While the office for Capital City Vitrified Brick and Paving had several locations there main brickyard was three miles west of town past the asylum (today this is where the KDOT facility is just west of the water plant) where they operated fifteen kilns. Bricks that were produced are embossed with the name Capital City and still can be readily found. Capital City Vitrified Brick is also known for being the first brickyard to produce bricks engraved with Dr. Crumbine’s famed “Don’t Spit on the Sidewalk” phrase that was part of his campaign to eliminate tuberculosis.
Although, brick streets and sidewalks are currently revered, they fell out of favor with the introduction of asphalt. Asphalt was quieter, smoother and cheaper to apply than brick. As early as 1894 visitors, such as Laura Ingalls Wilder were extolling its virtues “In the very midst of the city, the ground was covered by some dark stuff that silenced all the wheels and muffled the sound of hoofs. It was like tar, but Papa was sure it was not tar, and it was something like rubber, but it could not be rubber because rubber cost too much. We saw ladies all in silks and carrying ruffled parasols, walking with their escorts across the street. Their heels dented the street, and while we watched, these dents slowly filled up and smoothed themselves out. It was as if that stuff were alive. It was like magic." (http://www.asphaltpavement.org/index.php?option=com_content&task=view&id=21&Itemid=41)
Topeka’s brick industry was dealt a crippling blow by a landmark legal case involving the city of Topeka and E. M. Warren—the patent holder of “Warrenite” a type of hot mix asphalt. Mr. Warren held the patent on a hot mix of asphalt containing up to 2” pieces of aggregate, the city of Topeka was also using a hot mix with aggregate not paying patent fees on it. Mr. Warren claimed that this was patent infringement. The courts found that the city of Topeka’s mix contained pieces of aggregate being ½” or less and therefore this did not infringe on Mr. Warren patent. This case changed the course of asphalt history in the U.S... Road makers everywhere began using the “Topeka hot mix” which they did not have to pay patent fees on and a legacy of this is still in evidence today by the smaller aggregate found in most asphalt.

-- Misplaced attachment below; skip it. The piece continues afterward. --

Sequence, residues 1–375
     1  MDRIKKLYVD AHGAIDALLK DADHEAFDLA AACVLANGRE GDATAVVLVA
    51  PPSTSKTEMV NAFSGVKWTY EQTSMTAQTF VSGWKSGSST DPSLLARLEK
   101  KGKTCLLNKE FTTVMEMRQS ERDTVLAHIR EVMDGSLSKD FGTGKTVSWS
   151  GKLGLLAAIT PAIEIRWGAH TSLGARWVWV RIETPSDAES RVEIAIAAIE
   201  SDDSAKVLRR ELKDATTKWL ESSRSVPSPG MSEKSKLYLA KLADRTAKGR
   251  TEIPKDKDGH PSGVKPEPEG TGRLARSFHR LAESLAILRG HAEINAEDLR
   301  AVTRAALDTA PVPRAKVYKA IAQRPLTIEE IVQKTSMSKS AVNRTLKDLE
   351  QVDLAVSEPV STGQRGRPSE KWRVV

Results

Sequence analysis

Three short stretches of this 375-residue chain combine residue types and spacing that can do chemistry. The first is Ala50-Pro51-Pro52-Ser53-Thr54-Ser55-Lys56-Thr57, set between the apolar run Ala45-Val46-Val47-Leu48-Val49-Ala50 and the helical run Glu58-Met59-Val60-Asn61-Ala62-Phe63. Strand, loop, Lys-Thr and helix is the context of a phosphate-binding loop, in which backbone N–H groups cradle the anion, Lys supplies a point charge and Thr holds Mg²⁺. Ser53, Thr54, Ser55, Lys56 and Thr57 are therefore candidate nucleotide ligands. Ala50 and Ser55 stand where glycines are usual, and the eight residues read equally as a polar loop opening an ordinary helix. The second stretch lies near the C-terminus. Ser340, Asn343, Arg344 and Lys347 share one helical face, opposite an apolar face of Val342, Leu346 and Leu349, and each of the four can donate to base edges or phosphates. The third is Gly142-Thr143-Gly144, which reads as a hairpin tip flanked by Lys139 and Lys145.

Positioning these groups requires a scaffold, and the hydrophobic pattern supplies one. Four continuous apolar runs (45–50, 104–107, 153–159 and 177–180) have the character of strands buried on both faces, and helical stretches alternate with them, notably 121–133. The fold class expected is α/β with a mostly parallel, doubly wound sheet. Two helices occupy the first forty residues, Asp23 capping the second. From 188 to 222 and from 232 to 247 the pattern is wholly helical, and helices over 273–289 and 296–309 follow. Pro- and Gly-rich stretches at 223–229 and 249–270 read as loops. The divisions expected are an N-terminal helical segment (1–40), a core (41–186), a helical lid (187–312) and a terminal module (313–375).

By the 1920’s ads in the newspaper denoted “Paving brick being vitrified is tough, dense, can’t absorb water, Laid with sand cushion, over any good base, and bound with asphalt , brick surface has resilience “gives”; keeps itself from injury and protects the pavement base…” (TCJ, 1927) and city had begun to pave over bricks with asphalt because of people’s preference for smooth streets.
The reign of brick streets and sidewalks ended. Topeka would only have the one brickyard, Capital City which by the 1930s combined with a lumberyard located at 320 W 1st. The book closed on Topeka’s once thriving brick business in the 1950’s shortly after it was flooded. At this time it was known as Capital City Lumber Yard and Planing Mill, no reference had been made for years to the product from which it started.
Sidenote: The city is currently in the process of returning a section of Clay to brick. (as per Karen Hiller)
http://www.topeka.org/pdfs/Brick%20Street%20Map.pdf--- Great map of the brick streets current and past in the city.
1910--Warren v. City of Topeka opened up asphalting companies across the country so they did not have to use patented hot mixes, which made asphalting even cheaper.